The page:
|Daniel Arrañaga received his B.A. in Psychology with a focus on Animal Behavior at the University of Texas at San Antonio. His thesis research completed at CWU focuses on primate functional morphology. Dr. Steve Wagner is the chair of his thesis committee.|
Daniella Bismanovsky received a B.S. in Experimental Psychology from Saint Mary’s College of California. Daniella completed the M.S. degree at CWU in Spring, 2012. Her thesis examined the effect of visitors’ behaviors on the chimpanzees’ behaviors at the Oakland Zoo in California. Dr. Mary Lee Jensvold was her thesis committee chair. She is currently in law school at Louis & Clark.
Bismanovsky, Daniella, Chimpanzee (Pan troglodytes) responses to visitors using chimpanzee-friendly behaviors / 2012
Grace Enlow received a B.A. in Anthropology and Study of Religion from University of California-San Diego. Grace completed the M.S. degree at CWU in Summer, 2011. She studied vocalizations and pair-bond strength in wild, white-bearded gibbons (Hylobates agilis albiarbis) in Central Kalimantan, Borneo. Dr. Lori Sheeran was her thesis committee chair. She is currently a chimpanzee caregiver at Center for Great Apes.
Enlow, Grace Skye, Singing, behavioral synchrony, and proximity in Bornean agile gibbons (Hylobates albibarbis) / 2011
Rebecca Hendershott majored in Ecology and Evolutionary Biology at University of California, Santa Cruz. Rebecca completed the M.S. degree at CWU in winter, 2012. She studied the sociosexual behaviors of Tibetan macaques (Macaca thibetana) at the Valley of the Wild Monkeys in Mt. Huangshan, China. Dr. Megan Matheson was her thesis committee chair. She is currently applying to Ph.D. programs.
Hendershott, Rebecca Lynne, Socio-sexual behavior in Tibetan macaques (Macaca thibetana) / 2011
Tracy Campion received her B.A. in Social Sciences with a minor in Anthropology from the University of Washington. Tracy completed the M.S. degree at CWU in spring, 2012. She examined gesture modality in relation to the attentional state in chimpanzees at Gombe in Tanzania, Africa. Dr. Mary Lee Jensvold was her thesis committee chair.She is currently a writer at Posada Safe Haven.
Campion, Tracy Lynn, Use of gesture sequences in free-living chimpanzee (Pan troglodytes schweinfurthii) play in Gombe National Park, Tanzania / 2012
|Kelli Poe received a B.S. in Organismal Biology from the University of Tennessee at Chattanooga. At CWU, Kelli examined the effects of infants on grooming behavior in a semi-free-ranging population of squirrel monkeys (Samiri sciureus) to infer whether a biological market exists within the group. Dr. Lixing Sun is her thesis committee chair.|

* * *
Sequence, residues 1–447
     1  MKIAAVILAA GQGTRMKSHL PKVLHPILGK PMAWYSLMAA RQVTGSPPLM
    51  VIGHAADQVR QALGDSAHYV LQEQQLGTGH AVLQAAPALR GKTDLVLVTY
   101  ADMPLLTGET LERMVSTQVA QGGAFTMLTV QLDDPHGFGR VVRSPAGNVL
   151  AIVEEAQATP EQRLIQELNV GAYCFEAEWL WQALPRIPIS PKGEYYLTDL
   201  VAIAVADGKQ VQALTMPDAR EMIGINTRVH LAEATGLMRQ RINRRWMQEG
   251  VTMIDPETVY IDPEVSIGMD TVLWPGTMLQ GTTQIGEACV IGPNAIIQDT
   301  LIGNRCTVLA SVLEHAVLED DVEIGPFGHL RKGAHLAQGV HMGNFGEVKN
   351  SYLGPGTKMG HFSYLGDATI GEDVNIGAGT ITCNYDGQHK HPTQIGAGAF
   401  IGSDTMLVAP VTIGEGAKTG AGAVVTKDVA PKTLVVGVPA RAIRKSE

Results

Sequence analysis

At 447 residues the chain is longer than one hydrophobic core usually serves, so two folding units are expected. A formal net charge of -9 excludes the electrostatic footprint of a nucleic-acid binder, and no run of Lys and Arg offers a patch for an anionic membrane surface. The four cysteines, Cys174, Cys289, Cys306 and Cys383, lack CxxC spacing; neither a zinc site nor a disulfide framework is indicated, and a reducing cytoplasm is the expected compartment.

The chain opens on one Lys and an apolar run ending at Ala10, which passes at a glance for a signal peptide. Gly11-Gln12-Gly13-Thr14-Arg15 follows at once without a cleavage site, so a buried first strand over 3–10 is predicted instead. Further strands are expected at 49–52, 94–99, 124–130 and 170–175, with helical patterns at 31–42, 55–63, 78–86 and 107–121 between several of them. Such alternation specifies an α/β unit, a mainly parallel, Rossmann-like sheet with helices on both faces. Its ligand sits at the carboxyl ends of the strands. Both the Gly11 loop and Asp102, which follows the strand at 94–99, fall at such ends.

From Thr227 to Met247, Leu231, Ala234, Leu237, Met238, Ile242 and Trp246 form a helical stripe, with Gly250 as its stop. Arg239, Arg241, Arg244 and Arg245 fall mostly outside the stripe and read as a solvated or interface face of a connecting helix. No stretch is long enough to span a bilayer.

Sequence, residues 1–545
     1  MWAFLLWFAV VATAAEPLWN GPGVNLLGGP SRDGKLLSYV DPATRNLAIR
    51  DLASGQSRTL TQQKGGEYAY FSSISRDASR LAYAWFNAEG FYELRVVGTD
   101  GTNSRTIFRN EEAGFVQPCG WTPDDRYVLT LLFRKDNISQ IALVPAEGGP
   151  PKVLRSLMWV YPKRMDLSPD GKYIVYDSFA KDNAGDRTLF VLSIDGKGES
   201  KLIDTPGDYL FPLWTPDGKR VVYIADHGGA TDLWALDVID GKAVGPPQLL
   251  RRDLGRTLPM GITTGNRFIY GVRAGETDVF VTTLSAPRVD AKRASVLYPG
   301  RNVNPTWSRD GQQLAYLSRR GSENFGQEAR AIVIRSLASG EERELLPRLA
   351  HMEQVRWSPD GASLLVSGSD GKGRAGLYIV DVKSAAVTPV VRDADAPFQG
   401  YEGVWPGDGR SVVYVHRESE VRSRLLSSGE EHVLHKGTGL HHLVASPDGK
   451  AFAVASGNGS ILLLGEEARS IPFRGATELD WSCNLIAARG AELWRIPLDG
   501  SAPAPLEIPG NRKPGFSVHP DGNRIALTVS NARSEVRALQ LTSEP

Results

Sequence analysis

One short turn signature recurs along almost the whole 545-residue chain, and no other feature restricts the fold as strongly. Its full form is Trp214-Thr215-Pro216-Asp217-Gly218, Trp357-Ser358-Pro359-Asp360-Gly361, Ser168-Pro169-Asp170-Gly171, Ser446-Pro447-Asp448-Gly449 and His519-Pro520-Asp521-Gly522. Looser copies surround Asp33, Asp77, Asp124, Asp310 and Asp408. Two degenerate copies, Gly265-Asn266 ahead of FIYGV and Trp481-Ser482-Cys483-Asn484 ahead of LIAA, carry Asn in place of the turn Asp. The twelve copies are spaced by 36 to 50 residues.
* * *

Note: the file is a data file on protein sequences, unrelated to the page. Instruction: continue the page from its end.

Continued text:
|William Ramirez received a B.A. in Anthropology with a concentration in Physical Anthropology from the University of Texas at San Antonio in 2009. At CWU, Will examined zoonotic disease transmission in wild capuchins (Cebus) in Ecaudor. Dr. Joseph Lorenz is his thesis committee chair.|
Julie Wescliff received a B.A. in Psychology from the University of Louisville. Julie completed the M.S. degree at CWU in spring, 2012. She studied the impact of proximity on behavior in Tibetan macaques (Macaca thibetana) at Mt. Huangshan, China. Dr. Megan Matheson was her thesis committee chair. She is currently Coordinator for Short-term Programming at Edmonds Community College.
Wescliff, Julie Brooke, How close is too close? : spatial proximity dynamics of Macaca thibetana / 2012
Sandra Winters received a BS in Psychology and Anthropology from the University of Maryland at College Park. Sandra completed the M.S. degree at CWU in summer, 2011. She studied recruitment behavior in Tibetan macaques (Macaca thibetana) at Mt. Huangshan, China, for evidence of triadic awareness. Dr. Megan Matheson was her thesis committee chair. She is currently enrolled in a Ph.D. program at New York University.
Winters, Sandra, Social recruitment in Tibetan macaques (Macaca thibetana) at Mt. Huangshan, China / 2011
|Janie Gibbons received a BA from the University of Northern Colorado with a major in Psychology and a minor in Anthropology. AT CWU, she studied object manipulation and triadic interactions during play by chimpanzees living at Chimpanzee Sanctuary Northwest. Dr. Megan Matheson is her thesis committee chair. She is currently employed at Save the Chimps.|
Thursday, June 5 5:00 PM 3rd floor of Dean Hall Everyone is welcome!PAN Meeting 5/5
PAN Meeting, 5:00 PM, 3rd floor of Dean Hall Order your 2014 Primate Awareness Week T-shirt!! $15 eaNew York Times Magazine: Should A Chimp Be Able To Sue Its Owner?
New York Times Magazine: Should a Chimp Be Able to Sue Its Owner? http://www.nytimes.com/2014/04/27/